Over 10 years later, same-sex rape on college campuses is just starting to be quantified on a national level. Haven, an online sexual assault and awareness program that logs sexual assaults directly from students, works with self-reported data from over 800 colleges and universities. Haven had never compiled a report on undergraduate women who have been assaulted by women, but teamed up with MarieClaire.com to reveal new information: While the number of reported sexual assaults by women was low compared to assaults overall (only about 2.5 percent), the most striking difference came down to the likelihood of survivors to report the incident: 30 percent of women assaulted by another woman told no one, compared to 25 of women who didn't report an assault by a man.From the outset, they wore their political beliefs on their sleeves. “The political perspective helped make sense of our personal experiences,” Rosemary explains. “We naturally started writing about what was happening in our lives. The gay, lesbian and feminist movements were taking off, and our politics and music became inextricably linked. We realised that there was a real hunger for political songs written and performed by lesbians. We all shared the burning desire to play, create and develop our music in a safe environment. Women were still not allowed the freedom of forming and leading bands. It was a fight to be allowed to be anything other than the eye-candy singer fronting a load of men.” The boundaries of what a woman is allowed to be and express are strictly controlled in the service of submission. The perfect woman is demure, patient, sweet, resilient in the face of adversity but not resilient enough to stand up and fight. Expectations double up for lesbians, by definition missing a key piece of the puzzle that is socially acceptable womanhood: availability for pleasuring men. We all have our ways of dealing with our social station, and just about none of them are flawless conformity. That would require women to not feel anger. And we do, of course we do, volcanic solar flares of rage in their simplest form. Expressing such raw fury, though, leads women to social and professional ruin much more often than men. So we also metamorphose anger into a unique, icy seething, a rapier underneath the cloak. It is an involuntarily acquired skill, resulting from the repeated motions of hiding irritation from catcallers, internet strangers, professional superiors, misgenderers, friends-of-friends, even family members. But it is a skill. You wield it and you make it yours and you never cave, even when you pretend you do.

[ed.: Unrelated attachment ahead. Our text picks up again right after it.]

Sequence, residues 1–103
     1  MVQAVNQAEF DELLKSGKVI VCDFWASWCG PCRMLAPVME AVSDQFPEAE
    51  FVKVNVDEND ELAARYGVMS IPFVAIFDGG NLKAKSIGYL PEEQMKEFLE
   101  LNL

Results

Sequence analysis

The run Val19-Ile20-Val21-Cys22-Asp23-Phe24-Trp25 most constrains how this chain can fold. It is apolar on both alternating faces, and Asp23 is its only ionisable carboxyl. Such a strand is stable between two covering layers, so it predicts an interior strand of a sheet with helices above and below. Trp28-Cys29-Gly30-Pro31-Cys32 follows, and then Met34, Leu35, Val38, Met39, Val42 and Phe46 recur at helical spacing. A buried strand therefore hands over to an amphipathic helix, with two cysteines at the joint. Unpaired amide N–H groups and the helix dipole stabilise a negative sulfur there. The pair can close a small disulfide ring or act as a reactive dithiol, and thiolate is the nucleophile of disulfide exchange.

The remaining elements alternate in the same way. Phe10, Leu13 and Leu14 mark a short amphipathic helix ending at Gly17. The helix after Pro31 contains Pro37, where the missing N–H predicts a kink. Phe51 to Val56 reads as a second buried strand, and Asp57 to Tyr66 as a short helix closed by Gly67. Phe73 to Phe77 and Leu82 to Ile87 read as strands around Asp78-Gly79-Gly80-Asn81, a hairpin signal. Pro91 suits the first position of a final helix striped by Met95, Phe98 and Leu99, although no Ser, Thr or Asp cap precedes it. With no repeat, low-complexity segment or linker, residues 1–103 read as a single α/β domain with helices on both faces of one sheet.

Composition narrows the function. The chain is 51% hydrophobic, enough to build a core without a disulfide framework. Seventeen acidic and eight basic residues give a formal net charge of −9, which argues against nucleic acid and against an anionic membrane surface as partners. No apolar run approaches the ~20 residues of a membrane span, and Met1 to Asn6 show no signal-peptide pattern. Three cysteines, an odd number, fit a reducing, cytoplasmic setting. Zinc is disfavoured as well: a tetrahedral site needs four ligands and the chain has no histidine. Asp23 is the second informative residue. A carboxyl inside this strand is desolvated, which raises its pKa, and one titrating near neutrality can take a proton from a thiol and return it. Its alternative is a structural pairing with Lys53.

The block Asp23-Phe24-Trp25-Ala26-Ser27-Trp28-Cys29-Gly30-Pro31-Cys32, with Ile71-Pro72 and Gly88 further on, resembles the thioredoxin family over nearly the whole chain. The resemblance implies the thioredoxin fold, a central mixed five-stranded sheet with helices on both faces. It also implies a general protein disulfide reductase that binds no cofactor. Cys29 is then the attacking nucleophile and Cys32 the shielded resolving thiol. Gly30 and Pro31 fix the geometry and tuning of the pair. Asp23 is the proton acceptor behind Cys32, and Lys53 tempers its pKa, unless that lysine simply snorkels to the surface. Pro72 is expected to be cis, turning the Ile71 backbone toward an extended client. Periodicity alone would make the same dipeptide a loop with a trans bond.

There was no other living woman in the world who had done anything as intimate to Barhu as chopping off two of her fingers. The fight club is run by Bear (Fortune’s role) and Anna could actually make some money if she hops in the ring. Anna at first finds it a little ridiculous, but eventually gives in. While training to fight Bella Thorne with Alec Baldwin (what a sentence!) Anna eventually learns that fight club isn’t just about a physical and mental release. The fight club is about sisterhood, in every sense of the world. Fighting bonds these women for life, and teaches them that life is short, and supporting other women is so important. By 1978 they were recording, first as the Lupin Sisters (in a nod to Monty Python), and later as Ova, issuing their debut album in 1979. The Yoko Ono-influenced Lesbian Fighting Song, with its rallying cry of “you men better watch out … We’re going to fight the power, you hold us down” became a live favourite, and over the following decade Ova toured Europe and America and released three further albums via women’s collective Stroppy Cow records. It's been four years since Alaina was raped and she still has no plans to pursue formal charges against her rapist. She says, unflinchingly, that she has moved on in other ways: She's chosen to change her name, and has moved to a new city where she has pursued a successful freelance writing career, often writing about sexual assault within the LGBTQ community. Fantasy stories involving fictional characters in catfights and sexual fantasies. Superheroines, TV characters, Cheerleaders and many more battle it out for your satisfaction.Stephanie Trilling, manager of community awareness and prevention services at the Boston Area Rape Crisis (BARCC), observes that for her queer female clients who have been assaulted by women, the first hurdle is simply understanding the assault as rape. Since this scenario is rarely portrayed in the media or in educational programming, "it can be especially challenging to identify their experience as violence," she says. "Many people have a difficult time believing that a woman could be capable of inflicting violence on another person."